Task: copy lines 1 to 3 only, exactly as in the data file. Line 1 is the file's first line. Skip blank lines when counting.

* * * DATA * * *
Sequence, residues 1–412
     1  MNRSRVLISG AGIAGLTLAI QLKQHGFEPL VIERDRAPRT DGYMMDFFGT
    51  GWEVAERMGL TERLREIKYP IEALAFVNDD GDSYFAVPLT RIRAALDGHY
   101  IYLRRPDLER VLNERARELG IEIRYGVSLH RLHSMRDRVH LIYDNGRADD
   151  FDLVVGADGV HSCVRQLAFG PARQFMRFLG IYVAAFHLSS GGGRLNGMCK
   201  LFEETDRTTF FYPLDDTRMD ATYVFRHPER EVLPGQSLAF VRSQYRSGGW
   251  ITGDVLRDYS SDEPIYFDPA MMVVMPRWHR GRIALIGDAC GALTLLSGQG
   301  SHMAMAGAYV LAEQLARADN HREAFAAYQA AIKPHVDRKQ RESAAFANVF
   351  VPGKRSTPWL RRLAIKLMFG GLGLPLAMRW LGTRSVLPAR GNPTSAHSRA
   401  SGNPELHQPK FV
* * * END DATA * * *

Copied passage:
Sequence, residues 1–412
     1  MNRSRVLISG AGIAGLTLAI QLKQHGFEPL VIERDRAPRT DGYMMDFFGT
    51  GWEVAERMGL TERLREIKYP IEALAFVNDD GDSYFAVPLT RIRAALDGHY